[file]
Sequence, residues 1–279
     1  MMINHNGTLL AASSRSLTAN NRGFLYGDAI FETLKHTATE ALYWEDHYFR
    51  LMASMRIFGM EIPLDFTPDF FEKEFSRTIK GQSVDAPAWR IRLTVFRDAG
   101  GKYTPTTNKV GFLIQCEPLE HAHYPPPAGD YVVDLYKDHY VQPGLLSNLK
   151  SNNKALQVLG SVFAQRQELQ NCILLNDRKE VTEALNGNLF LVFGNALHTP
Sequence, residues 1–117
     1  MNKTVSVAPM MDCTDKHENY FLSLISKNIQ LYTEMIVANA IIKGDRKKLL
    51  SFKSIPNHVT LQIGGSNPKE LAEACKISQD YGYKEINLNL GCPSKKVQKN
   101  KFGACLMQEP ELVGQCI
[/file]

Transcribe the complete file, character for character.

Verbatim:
Sequence, residues 1–279
     1  MMINHNGTLL AASSRSLTAN NRGFLYGDAI FETLKHTATE ALYWEDHYFR
    51  LMASMRIFGM EIPLDFTPDF FEKEFSRTIK GQSVDAPAWR IRLTVFRDAG
   101  GKYTPTTNKV GFLIQCEPLE HAHYPPPAGD YVVDLYKDHY VQPGLLSNLK
   151  SNNKALQVLG SVFAQRQELQ NCILLNDRKE VTEALNGNLF LVFGNALHTP
Sequence, residues 1–117
     1  MNKTVSVAPM MDCTDKHENY FLSLISKNIQ LYTEMIVANA IIKGDRKKLL
    51  SFKSIPNHVT LQIGGSNPKE LAEACKISQD YGYKEINLNL GCPSKKVQKN
   101  KFGACLMQEP ELVGQCI